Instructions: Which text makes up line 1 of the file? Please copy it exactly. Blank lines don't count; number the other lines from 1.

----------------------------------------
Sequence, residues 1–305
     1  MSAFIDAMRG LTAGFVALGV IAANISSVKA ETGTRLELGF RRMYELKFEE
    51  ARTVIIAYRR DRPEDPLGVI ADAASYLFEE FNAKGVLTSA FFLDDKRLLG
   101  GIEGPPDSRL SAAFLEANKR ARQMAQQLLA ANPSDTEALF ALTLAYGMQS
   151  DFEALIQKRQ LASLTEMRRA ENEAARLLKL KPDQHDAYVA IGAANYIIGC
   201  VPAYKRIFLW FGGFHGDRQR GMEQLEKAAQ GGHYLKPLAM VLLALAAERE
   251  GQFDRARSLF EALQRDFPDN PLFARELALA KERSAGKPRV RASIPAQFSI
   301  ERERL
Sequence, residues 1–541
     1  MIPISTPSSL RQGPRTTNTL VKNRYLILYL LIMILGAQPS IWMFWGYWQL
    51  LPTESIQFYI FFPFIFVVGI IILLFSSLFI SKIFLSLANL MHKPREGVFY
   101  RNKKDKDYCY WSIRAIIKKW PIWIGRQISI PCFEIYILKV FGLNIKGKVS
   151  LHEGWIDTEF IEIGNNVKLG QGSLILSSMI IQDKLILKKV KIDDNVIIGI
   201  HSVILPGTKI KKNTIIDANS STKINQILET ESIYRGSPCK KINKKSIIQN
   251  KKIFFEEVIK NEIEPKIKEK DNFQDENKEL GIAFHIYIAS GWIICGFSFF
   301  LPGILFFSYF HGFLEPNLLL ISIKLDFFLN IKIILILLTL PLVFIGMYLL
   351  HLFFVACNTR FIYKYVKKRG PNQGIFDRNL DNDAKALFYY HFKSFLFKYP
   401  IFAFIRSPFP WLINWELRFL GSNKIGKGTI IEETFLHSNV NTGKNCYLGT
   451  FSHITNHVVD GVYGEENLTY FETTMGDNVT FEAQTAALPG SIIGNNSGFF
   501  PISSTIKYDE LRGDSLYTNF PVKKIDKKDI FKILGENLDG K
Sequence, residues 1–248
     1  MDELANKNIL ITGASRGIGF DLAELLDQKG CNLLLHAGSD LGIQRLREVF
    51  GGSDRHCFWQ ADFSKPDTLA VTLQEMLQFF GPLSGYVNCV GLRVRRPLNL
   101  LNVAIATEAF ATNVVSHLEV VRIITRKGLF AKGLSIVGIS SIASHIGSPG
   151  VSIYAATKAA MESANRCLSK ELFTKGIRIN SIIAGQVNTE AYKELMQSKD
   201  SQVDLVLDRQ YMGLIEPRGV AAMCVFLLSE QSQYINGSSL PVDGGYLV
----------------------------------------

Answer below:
Sequence, residues 1–305